When Penny asks Leonard about his day, noting that he is working on a particle detector, it gives Leonard a chance to explain what he is doing, and he is surprised when Penny doesn’t demonstrate the boredom she usually does. Given the chance to expound on his research, Leonard comes to a scientific epiphany. Usually when we see Sheldon or Leonard “doing” science, they are staring at a white board or scribbling arcane formula, such as Sheldon’s night long staring contest with a white board in last week’s “The Anxiety Optimization,” or season 3’s “The Pirate Solution,” in which Raj and Sheldon both stare down a white board. Howard has the opportunity to play with interesting gadgetry. Leonard realizes that he may have had a breakthrough and hurries off to share the news with Sheldon, as well as get Sheldon’s input on the feasibility.
Sheldon listens to Leonard’s idea, giving him the idea that Leonard is off base, but eventually comes to the conclusion that, despite using a blueberry scented marker, Leonard may have something. While Sheldon is always convinced he’s the smartest in the room, it is a little off putting to see Leonard demonstrating such a complete lack of self-esteem. Sheldon compliments and rewards Leonard with a sticker and a heartfelt “good job,” and, although a little offended, Leonard accepts both like a puppy looking for approval.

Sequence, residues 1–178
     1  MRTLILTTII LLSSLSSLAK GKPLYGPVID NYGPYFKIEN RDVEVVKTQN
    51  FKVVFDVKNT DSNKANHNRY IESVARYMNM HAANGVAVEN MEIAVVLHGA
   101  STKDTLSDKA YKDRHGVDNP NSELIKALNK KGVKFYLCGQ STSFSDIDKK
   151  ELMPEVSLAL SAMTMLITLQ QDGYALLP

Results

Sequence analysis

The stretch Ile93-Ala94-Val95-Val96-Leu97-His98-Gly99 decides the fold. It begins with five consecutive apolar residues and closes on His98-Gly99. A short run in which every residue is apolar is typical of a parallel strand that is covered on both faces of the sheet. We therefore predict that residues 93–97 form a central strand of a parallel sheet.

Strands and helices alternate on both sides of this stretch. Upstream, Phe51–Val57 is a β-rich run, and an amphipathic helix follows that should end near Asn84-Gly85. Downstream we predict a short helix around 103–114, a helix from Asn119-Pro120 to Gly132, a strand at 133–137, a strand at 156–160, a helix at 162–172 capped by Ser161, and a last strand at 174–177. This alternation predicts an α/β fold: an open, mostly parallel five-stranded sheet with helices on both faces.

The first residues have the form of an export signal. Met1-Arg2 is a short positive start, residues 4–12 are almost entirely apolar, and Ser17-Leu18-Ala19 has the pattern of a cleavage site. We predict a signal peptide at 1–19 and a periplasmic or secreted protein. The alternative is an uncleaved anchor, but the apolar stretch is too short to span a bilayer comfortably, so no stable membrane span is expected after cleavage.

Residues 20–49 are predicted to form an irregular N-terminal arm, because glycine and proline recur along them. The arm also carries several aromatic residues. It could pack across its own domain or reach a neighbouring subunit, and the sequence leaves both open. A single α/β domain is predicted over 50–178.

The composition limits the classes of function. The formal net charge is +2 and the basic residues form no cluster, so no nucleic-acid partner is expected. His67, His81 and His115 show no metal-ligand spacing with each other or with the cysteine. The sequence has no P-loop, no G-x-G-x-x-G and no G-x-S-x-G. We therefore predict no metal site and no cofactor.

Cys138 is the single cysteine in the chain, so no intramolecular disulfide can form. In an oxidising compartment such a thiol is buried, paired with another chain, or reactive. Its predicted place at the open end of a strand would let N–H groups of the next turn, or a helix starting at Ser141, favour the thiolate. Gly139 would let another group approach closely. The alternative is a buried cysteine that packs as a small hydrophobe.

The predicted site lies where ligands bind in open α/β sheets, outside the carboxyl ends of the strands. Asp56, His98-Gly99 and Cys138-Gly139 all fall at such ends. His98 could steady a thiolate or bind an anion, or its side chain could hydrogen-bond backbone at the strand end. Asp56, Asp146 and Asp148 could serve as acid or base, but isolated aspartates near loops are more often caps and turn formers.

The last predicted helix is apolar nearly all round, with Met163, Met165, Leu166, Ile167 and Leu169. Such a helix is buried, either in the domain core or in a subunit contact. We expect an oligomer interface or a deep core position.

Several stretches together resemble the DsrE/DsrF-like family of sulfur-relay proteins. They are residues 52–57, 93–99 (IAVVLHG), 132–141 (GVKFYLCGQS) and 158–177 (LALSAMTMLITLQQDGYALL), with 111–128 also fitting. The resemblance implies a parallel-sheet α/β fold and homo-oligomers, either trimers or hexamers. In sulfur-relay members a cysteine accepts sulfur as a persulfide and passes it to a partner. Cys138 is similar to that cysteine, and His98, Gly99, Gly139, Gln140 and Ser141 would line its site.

The next morning, Leonard awakens to find that overnight, Sheldon has written a paper on Leonard’s discovery and taken credit for it by placing his name first on the paper’s byline. Leonard very quickly accepts Sheldon’s co-ownership. Sheldon points out that having his name on the paper is akin to having Joss Whedon’s name on a movie. Noting that the only way to be sure they have achieved a breakthrough is to post it on-line to a pre-print server. One would think that working to confirm Leonard’s insight by running some experiments, and perhaps submitting the paper to a peer reviewed journal might also be a good way to determine the paper’s worth, but those activities would certainly get in the way of the plot of the episode. Sheldon explains that he has the paper ready to go, but was waiting for Leonard to wake up, and warning Leonard that if they didn’t put the paper out there, someone might beat them to the punch. Although that may seemed farfetched, there are plenty of cases of scientists losing out on fame because they delayed, such as Elisha Gray or Alfred Russel Wallace. In any event, the two click the mouse simultaneously to post the paper.